12. GeorAIR. They organize and support international artist exchange projects and try to strengthen Georgian and Caucasian art world and bring artists from different cultural backgrounds together.
  13. Girls Who Code. Another JumpStart initiative. Several IT specialists now work directly with a group of around fifteen female professionals between the ages of 22-35 to address these issues in Georgia. The women, most of whom are journalists and activists each week learn to code with the programming language Ruby.
  14. Guerrilla Gardening. A group of activists that has been protecting one of the central and largest parks in Tbilisi (Vake Park) from development by occupying the site.
  15. Hack Me Some Land Registration. Another JumpStart inititive. Together with Transparency International they organized a meeting where they wanted to talk about how to get and use information on land registration.
  16. Iare Pekhit. A pedestrian rights organization in Tbilisi, which has been around for over a year. They've held actions on the streets around the city, run letter-writing campaigns and given recommendations to politicians.
  17. Internet Forum Tbilisi. A one-day event that aims to gather bloggers, internet activists, developers and all internet enthusiasts at the same venue.
  18. JumpStart. A non-profit organization that uses technology to communicate and visualize complex information in a way that is engaging and easy to understand.
  19. Megobruli Gzebi. “Friendly Roads” is an initiative for road safety, in which Elva is involved. The projects enables people to quickly report accidents or hazardous infrastructure by a web form or an SMS. These reports are verified and published in the project's website in order to raise awareness within media, use it for workshops in schools and in meetings with government authorities.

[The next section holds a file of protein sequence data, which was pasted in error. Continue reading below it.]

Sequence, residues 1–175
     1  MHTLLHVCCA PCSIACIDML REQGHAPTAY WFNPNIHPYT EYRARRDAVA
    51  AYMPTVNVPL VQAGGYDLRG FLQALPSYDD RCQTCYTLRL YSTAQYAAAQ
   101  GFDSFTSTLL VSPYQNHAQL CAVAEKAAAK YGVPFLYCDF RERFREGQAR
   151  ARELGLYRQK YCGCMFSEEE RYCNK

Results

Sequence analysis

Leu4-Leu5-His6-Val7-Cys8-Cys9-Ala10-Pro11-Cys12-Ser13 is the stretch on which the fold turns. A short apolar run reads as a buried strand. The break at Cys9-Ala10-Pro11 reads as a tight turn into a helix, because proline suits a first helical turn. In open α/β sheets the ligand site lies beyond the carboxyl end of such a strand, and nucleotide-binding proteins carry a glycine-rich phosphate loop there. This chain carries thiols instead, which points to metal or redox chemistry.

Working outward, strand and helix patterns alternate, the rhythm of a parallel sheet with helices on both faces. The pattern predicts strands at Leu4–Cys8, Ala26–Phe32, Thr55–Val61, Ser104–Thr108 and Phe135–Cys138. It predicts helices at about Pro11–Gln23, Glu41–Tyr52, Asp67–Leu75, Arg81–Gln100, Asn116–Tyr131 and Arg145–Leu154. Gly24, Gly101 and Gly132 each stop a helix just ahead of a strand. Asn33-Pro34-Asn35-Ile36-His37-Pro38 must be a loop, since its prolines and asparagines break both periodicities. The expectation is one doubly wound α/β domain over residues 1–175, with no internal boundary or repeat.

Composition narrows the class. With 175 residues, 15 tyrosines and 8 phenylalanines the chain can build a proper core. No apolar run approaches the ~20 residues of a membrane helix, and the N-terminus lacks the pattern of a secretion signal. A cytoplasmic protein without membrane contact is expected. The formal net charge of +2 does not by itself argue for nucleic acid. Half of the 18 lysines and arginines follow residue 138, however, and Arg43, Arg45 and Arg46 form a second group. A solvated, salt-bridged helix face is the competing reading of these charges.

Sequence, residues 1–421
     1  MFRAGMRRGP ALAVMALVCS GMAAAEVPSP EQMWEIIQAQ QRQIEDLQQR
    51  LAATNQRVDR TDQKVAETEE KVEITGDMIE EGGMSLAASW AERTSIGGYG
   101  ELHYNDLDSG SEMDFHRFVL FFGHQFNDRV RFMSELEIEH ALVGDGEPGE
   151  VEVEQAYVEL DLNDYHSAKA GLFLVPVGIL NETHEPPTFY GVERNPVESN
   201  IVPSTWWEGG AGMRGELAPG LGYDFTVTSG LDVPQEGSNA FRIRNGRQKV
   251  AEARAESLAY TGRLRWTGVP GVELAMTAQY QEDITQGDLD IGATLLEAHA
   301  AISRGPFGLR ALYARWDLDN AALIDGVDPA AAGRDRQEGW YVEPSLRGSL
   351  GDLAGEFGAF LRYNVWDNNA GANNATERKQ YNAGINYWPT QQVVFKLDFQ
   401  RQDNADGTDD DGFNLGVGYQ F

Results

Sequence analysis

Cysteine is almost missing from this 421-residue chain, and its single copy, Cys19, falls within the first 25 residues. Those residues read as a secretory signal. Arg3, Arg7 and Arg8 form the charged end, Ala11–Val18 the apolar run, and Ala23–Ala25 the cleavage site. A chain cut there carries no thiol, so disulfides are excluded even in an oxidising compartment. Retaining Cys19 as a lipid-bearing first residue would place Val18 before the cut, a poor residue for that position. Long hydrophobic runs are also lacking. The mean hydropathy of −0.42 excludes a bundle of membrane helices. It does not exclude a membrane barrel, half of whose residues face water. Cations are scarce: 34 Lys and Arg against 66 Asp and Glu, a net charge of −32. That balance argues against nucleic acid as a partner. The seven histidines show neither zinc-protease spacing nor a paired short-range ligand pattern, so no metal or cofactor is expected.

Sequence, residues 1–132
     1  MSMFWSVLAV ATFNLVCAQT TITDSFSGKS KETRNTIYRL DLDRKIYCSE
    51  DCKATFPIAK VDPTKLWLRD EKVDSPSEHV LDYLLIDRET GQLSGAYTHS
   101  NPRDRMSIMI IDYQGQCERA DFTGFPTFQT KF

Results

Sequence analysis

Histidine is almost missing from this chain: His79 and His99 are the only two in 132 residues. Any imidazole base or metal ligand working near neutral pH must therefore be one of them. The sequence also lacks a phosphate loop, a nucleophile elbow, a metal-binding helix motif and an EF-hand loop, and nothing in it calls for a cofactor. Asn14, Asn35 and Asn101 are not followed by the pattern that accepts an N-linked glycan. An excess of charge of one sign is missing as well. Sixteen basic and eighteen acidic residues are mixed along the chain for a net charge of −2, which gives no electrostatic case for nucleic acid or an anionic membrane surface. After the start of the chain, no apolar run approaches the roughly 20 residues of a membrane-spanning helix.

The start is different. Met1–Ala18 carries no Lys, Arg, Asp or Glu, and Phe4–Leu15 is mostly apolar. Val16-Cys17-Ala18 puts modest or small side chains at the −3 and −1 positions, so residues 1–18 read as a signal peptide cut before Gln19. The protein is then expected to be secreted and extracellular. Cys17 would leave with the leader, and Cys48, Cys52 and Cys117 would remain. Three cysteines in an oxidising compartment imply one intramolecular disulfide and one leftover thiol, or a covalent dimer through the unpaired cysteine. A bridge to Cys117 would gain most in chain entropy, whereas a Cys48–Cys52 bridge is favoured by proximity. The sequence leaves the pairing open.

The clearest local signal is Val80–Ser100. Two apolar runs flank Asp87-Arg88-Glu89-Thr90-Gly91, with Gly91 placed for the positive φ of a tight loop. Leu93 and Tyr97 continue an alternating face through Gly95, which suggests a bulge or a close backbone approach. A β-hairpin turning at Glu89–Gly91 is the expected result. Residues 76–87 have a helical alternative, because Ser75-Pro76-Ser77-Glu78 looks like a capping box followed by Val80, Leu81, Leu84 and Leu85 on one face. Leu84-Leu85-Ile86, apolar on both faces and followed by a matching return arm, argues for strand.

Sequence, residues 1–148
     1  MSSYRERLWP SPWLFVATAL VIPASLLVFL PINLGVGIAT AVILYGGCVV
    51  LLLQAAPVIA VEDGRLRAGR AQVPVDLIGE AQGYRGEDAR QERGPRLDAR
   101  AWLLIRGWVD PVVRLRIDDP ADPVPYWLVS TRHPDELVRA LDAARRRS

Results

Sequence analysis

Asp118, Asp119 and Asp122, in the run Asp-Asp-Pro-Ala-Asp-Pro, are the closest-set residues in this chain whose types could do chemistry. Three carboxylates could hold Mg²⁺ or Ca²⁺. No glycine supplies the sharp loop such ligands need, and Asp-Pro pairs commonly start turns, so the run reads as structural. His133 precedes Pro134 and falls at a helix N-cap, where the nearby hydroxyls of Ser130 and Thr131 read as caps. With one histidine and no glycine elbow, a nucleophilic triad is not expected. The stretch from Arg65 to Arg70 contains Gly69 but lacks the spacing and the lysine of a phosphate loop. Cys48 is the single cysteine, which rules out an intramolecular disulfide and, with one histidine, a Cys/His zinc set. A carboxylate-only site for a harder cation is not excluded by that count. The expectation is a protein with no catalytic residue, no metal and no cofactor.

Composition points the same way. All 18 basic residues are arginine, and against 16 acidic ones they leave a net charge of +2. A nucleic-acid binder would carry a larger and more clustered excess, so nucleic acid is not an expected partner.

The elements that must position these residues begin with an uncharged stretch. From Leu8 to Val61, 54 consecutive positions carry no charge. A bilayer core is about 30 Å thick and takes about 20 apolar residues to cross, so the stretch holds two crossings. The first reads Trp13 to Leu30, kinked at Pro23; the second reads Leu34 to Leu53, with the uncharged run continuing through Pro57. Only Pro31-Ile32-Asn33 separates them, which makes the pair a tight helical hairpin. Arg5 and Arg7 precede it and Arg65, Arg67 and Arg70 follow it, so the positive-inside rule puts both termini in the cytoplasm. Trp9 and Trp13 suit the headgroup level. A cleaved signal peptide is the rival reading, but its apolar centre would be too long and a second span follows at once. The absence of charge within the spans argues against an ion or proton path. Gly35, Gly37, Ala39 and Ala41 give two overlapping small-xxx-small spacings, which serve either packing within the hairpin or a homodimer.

20. Open Street Maps Georgia. OSM is a collaborative and open source map making platform. Mapping activists in Georgia meet for mapping parties in Tbilisi.
  21. Pink.ge. A life style blog writing about beauty, relationships, career and health, visited by 15000-19000 unique visitors everyday.
  22. SmokeFree Tbilisi. A couple of activists are planning to launch a public platform to map and promote local business that cater to non-smokers.
  23. wehelp.ge. Crowd Charity that supports people for their medical needs.
  24. Think Space. A creative hub space.
  25. Tbilisi Makerspace. a “makerspace” in Tbilisi – basically a collection of people who come together to create and develop various projects.
  26. Uni Hack. An event launched by several Georgian IT students who were attending Georgia Tech University in the US in order to replicate the hackathons they had attended in the United States.
  27. Vake Park protests. Guerrila Gardeners and ACCT are organizing protests against a 7-story in the middle of Vake Park. The protests were successful in stopping any further progress so far. Now the activists are starting a court case against city hall for allowing the company to build there. They're also trying to change the legislation to prevent such developments in the future.
  28. Tiflis Hamkari. Tiflis Hamkari (union of Tbilisi caretakers) was founded in March 2005 Their goal is to support awareness for Tbilisi citizens regarding Tbilisi’s historic and cultural values and their maintenance as well as to actively participate in the municipal decision-making maing process, to carry out public monitoring in order to protect unique urban areas in Tbilisi.
  29. Cyclehack. It is an event aimed at making cities more cycle friendly. The idea is to bring people together to come up with ideas that solve the barriers to cycling and build them in under 48 hours. The main Cyclehack event will be held in Edinburgh, with satellite events being held all around the world. On June 21st it is planned to be held in Tbilisi.

As it can be seen, the Georgians put emphasis on art, innovative IT approaches (maps, apps and data visualization), urban planning and urban/environmental activism, gender issues, healthy and active lifestyle, cycling and walking, charity, media.